Tesla’s Musk Says Recession Will Last Until 2024

Oct 21 (Reuters) – Tesla Chief Executive Elon Musk said on Friday he was weighing demand for its electric cars after previously saying there was “kind of a slowdown” in China and Europe.

“Just guessing, but 24 until spring,” Musk said on Twitter after a user asked him how long the recession would last. It was unclear whether Musk was talking about a global recession or expanding on the point he made Wednesday in China and Europe.

Shares of Tesla Inc (TSLA.O) The stock fell 6.6% to close at $207.28 on Thursday, a day after Musk told analysts on a conference call that weakness in China and Europe was “a little more difficult than it otherwise would be.”

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At least six brokerages lowered their price targets on Tesla Bull Wedbush Securities to $300. Tesla’s third-quarter earnings on Wednesday missed analysts’ estimates.

While Musk told analysts that Tesla had “excellent demand” in the current quarter, he said the EV maker could miss its annual delivery target due to lower transportation capacity.

Musk flip-flopped on demand during a July conference call, initially saying macroeconomic uncertainty could have some impact on demand for its electric vehicles, but when pressed for details by an analyst, the company said the demand was not a problem. Production problem.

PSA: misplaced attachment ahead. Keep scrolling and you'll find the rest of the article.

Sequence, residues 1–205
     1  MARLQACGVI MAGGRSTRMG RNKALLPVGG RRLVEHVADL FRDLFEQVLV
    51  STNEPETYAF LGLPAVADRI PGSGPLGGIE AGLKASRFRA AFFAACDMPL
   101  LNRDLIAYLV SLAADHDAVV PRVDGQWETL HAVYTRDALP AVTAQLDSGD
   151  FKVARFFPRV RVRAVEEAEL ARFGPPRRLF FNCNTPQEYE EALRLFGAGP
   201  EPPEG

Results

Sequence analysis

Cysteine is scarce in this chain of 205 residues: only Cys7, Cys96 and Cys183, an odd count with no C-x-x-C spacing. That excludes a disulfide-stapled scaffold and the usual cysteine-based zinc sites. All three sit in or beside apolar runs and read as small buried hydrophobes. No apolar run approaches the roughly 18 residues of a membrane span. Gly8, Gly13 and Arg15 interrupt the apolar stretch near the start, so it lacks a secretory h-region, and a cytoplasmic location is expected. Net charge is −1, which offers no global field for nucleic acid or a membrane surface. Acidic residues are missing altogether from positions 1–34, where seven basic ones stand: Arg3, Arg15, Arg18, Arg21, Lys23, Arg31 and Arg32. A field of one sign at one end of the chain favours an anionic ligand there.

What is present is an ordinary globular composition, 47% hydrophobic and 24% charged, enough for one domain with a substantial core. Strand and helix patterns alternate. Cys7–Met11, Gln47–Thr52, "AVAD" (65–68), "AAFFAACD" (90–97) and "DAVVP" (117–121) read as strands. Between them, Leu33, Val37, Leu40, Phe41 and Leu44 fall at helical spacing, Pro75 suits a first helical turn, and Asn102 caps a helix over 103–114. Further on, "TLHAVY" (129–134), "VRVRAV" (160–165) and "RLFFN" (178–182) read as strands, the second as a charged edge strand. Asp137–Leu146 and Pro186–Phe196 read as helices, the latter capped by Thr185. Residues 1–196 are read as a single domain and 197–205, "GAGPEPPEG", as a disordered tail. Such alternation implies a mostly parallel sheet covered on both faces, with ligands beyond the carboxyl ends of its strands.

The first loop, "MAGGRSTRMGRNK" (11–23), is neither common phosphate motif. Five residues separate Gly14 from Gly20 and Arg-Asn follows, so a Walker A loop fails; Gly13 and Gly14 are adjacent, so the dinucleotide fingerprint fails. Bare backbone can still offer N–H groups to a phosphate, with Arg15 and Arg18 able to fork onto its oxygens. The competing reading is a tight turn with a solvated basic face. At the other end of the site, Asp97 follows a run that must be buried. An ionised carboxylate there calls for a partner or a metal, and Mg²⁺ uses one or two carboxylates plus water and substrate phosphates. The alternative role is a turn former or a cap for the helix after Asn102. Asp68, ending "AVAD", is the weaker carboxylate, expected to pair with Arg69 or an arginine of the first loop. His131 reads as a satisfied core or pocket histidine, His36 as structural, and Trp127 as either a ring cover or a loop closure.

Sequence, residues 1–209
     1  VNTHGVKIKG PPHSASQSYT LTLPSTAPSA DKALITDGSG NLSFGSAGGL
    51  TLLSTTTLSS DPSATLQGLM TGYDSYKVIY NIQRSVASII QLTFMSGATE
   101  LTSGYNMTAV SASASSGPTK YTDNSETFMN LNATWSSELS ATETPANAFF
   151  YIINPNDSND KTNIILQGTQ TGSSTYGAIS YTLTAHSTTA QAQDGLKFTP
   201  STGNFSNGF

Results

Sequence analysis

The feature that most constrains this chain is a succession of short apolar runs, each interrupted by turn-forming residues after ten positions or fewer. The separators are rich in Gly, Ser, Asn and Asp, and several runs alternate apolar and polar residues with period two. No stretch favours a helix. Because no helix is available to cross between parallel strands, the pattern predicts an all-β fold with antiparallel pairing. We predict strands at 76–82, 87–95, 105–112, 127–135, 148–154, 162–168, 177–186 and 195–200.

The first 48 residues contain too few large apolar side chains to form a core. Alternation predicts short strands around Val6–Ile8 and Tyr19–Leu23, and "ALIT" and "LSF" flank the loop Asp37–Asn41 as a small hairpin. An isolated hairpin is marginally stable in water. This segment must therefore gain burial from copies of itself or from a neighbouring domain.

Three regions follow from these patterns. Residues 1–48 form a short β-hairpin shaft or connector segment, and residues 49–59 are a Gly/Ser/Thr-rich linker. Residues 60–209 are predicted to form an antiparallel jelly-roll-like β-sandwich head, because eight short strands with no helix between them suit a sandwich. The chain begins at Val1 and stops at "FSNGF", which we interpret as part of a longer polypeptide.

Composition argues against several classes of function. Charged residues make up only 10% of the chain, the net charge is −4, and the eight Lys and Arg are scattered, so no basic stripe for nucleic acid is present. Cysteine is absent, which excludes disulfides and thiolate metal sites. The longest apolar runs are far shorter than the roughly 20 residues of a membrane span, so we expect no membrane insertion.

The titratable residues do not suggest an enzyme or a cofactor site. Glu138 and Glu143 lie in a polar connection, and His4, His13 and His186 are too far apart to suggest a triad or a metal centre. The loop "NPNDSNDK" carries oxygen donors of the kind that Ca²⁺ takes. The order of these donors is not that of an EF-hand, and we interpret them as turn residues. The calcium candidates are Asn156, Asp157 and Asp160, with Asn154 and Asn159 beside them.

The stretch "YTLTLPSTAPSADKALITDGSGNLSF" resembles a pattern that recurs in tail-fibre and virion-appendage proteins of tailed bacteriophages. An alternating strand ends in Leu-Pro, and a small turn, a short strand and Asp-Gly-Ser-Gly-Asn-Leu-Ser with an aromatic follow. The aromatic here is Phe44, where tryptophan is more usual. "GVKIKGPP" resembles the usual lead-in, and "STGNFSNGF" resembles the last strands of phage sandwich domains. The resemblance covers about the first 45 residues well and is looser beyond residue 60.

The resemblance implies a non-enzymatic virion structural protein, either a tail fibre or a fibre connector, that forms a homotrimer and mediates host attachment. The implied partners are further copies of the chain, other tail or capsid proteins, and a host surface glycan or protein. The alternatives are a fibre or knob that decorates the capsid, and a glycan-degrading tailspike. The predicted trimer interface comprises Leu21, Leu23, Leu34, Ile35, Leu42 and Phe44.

According to a June email seen by Reuters, Musk said he had a “very bad feeling” about the economy and that Tesla would have to cut about 10% of its workforce. Later, he said the reduction would only apply to salaried workers.

Tesla shares have lost a third of their value so far this year. They fell 9% to a 16-month low on Thursday and hit a 16-month low.

“The results will add to discussions about demand destruction after tracking 3Q deliveries -5% below the company-compiled consensus,” JP Morgan said in a statement.

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Tesla missed vehicle gross margin expectations on Wednesday as costs weighed on ramping up production at its new factories in Berlin and Austin.

“Tesla now needs to prove back to the street because the bullish narrative is clearly hitting a rough patch, with a strong growth story running into myriad logistical issues as opposed to softening demand,” Wedbush analyst Daniel Ives said.

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Reporting by Dyashi Dutta, Akash Sriram and Ann Maria Shibu in Bangalore and Hyunjoo Jin in San Francisco; Editing by Shaunak Dasgupta, Matthew Lewis and Savio D’Souza

Our Standards: Thomson Reuters Trust Principles.

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